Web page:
Native religion, civil rights leaders speak about creating change

He has described it as a mission from God and his work in churches across the country is focused on justice and faith.

“The main reason I’m in Minnesota today is to change the conversation. We’ve looked into everything but the real problems they cause,” he said, pointing to the headstones in the cemetery.

“It is time we stopped lying and grappled with the truth … The main problem is that America has failed to deal with the legacy of slavery and the consequences of racial segregation,” added Meredith.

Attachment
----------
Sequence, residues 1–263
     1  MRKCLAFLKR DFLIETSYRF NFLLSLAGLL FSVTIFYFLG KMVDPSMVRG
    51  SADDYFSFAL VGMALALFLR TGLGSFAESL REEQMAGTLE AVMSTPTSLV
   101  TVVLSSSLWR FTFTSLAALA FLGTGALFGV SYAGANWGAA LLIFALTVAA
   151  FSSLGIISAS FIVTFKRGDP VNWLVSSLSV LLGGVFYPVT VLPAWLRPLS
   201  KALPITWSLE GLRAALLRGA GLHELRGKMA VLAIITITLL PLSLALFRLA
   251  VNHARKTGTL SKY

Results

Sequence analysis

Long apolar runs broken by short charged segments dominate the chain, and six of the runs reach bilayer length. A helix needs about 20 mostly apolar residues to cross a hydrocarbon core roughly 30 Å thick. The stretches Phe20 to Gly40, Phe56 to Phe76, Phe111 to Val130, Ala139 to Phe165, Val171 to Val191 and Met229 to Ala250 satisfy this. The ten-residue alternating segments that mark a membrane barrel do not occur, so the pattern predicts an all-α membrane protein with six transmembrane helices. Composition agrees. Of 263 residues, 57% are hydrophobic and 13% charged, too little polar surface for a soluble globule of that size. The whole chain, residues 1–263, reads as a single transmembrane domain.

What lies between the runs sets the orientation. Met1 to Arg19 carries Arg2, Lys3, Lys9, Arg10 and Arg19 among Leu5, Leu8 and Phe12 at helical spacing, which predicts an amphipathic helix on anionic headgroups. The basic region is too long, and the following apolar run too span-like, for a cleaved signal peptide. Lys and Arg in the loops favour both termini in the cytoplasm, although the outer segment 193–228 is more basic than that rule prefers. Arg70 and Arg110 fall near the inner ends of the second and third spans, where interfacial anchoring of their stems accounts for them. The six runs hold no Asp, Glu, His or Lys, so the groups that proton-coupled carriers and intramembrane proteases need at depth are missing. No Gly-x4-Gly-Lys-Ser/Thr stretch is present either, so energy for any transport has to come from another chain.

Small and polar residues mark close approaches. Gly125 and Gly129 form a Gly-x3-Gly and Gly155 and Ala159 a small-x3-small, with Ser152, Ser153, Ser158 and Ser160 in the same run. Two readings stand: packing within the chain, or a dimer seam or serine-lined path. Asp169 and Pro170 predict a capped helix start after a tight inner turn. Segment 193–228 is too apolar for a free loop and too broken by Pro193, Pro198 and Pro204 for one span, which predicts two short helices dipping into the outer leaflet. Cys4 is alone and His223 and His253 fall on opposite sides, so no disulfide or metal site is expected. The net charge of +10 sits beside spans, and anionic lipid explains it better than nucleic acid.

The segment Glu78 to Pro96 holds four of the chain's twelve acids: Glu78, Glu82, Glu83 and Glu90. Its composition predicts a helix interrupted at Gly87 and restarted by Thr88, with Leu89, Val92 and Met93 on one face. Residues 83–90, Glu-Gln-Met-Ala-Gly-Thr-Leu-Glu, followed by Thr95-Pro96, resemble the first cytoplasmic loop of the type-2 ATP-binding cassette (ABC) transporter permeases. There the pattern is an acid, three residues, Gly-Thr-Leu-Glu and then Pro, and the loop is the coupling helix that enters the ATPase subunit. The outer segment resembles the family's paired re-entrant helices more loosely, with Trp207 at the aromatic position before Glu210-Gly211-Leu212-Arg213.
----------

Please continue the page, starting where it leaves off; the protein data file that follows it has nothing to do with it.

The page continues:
Rabbis, pastors, and others met with Meredith to see how faith leaders can play a role in moving forward.

“We are actually gathering people to turn these gatherings into not only spaces of celebration and worship but also social change,” said Pastor Kelly Chapman of the Center for Leadership and Neighborhood Engagement.

“I think there was some silence. We all talk about how we know racism is a problem, but how do we show our voice, how do we use our voice to improve it?” said Waarvik.

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